4 Ways Inflammation is Harmful to Your Health

4 Ways Inflammation is Harmful to Your Health

When the body suspects injury or infection, it responds by sending white blood cells to help fight the problem. The area then gets red and swells, which is referred to as inflammation. Oftentimes, this immune system response is beneficial and can help the area fight off the issue and heal.

Unfortunately, there are times when inflammation can remain long after an injury has healed or an infection has cleared. Furthermore, there are times when inflammation can occur without an injury or infection. For example, the immune system can produce antibodies that attack healthy tissue, such as happens with lupus and rheumatoid arthritis.

If you have an inflammatory or autoimmune disorder, it's crucial to work closely with a specialist. Here at Valerius Medical Group & Research Center, board-certified rheumatologists Nathaniel Neal, MD, and Rebekah Neal-Kraal, MD, offer advanced, patient-centered care for individuals with inflammatory and autoimmune disorders.

In this post, they explain ways inflammation can harm the body and how it can be treated.

Four ways inflammation can cause harm

Here are four ways inflammation can be detrimental to your health:

1. Mental health

Inflammation has emerged as a key factor in mood disorders. Patients with depression and anxiety often show elevated levels of inflammatory substances that are secreted by certain cells of the immune system. 

What’s more, having an inflammatory disorder can heighten your risk of suffering anxiety and depression.

2. Joint damage

Chronic inflammation in joints can damage cartilage, tendons, and ligaments, and it can also cause pain, swelling, stiffness, and problems with mobility. Such is the case with an inflammatory condition called rheumatoid arthritis. With this disease, immune cells in the lining and fluid of the joint turn against the joint.

But it doesn’t stop there. These immune cells recruit other immune cells, and they travel to the affected joint and cause more damage. Over time, this damage can cause the joint to become deformed. We see this often in rheumatoid arthritis, in which the affected joint becomes misshapen.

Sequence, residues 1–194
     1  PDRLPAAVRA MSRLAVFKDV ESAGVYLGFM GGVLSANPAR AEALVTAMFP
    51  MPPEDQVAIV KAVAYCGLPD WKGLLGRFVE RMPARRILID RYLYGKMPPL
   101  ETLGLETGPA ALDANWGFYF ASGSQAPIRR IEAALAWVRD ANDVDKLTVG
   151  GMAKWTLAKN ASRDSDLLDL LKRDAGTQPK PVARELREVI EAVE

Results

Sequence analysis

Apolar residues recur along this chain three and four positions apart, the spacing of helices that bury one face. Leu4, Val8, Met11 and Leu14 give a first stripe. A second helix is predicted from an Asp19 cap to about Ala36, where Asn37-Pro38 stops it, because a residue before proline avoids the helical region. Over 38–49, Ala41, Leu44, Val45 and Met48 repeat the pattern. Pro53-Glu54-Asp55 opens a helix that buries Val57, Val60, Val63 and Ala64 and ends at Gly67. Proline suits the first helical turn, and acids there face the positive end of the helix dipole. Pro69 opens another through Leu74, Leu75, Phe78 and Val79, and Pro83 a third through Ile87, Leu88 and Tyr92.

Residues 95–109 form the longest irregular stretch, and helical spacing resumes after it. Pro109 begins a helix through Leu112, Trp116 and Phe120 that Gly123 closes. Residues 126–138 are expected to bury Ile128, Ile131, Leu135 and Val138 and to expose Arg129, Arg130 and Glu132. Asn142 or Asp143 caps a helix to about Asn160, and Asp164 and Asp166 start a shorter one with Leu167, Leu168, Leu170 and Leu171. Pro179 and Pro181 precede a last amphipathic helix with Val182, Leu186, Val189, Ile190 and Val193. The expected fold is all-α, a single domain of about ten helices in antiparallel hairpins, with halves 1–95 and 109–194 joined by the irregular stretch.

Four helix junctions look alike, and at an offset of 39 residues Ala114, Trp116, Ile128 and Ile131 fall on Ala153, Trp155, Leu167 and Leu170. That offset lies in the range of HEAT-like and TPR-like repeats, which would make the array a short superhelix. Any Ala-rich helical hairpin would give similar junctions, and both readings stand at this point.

3. Heart disease

Inflammatory substances that circulate through the bloodstream can damage blood vessels over time. Inflammation is a key underlying factor in heart disease.

Individuals with rheumatoid arthritis, for example, have a much higher risk of developing heart disease than those without the condition. Inflammatory substances can cause blood vessels to harden, stiffen, and become less able to function optimally. This can then set the stage for heart disease.

4. Organ damage

Nearly every organ is vulnerable to damage from long-term inflammation. The damage can accumulate over time and impact crucial organs, such as your kidneys, liver, and even your brain.

Lupus is one example where a direct autoimmune attack on specific organs can lead to damage. The goal of treatment for patients with lupus is to reduce symptoms and limit harm to the organs. 

Managing inflammation

Taking steps to reduce the body’s inflammatory burden can help protect your health in the long run. For starters, if you're diagnosed with an inflammatory disorder, working closely with an expert is key. Keeping your condition well-controlled can help limit the damage to your body.

The Valerius Medical Group & Research Center team has experience in managing a full range of inflammatory and autoimmune disorders. We take advantage of the latest advances, along with clinical research, to best manage a variety of conditions, such as osteoporosis, Sjogren syndrome, scleroderma, lupus, and others.

We utilize a broad array of strategies, such as anti-inflammatory medications, steroids, and immune suppressants, to help slow organ damage and reduce symptoms. 

If you have an autoimmune or inflammatory disorder, we can help you manage your condition and stay as healthy as possible. To learn more, call 562-294-6533 to book an appointment with Valerius Medical Group & Research Center today.

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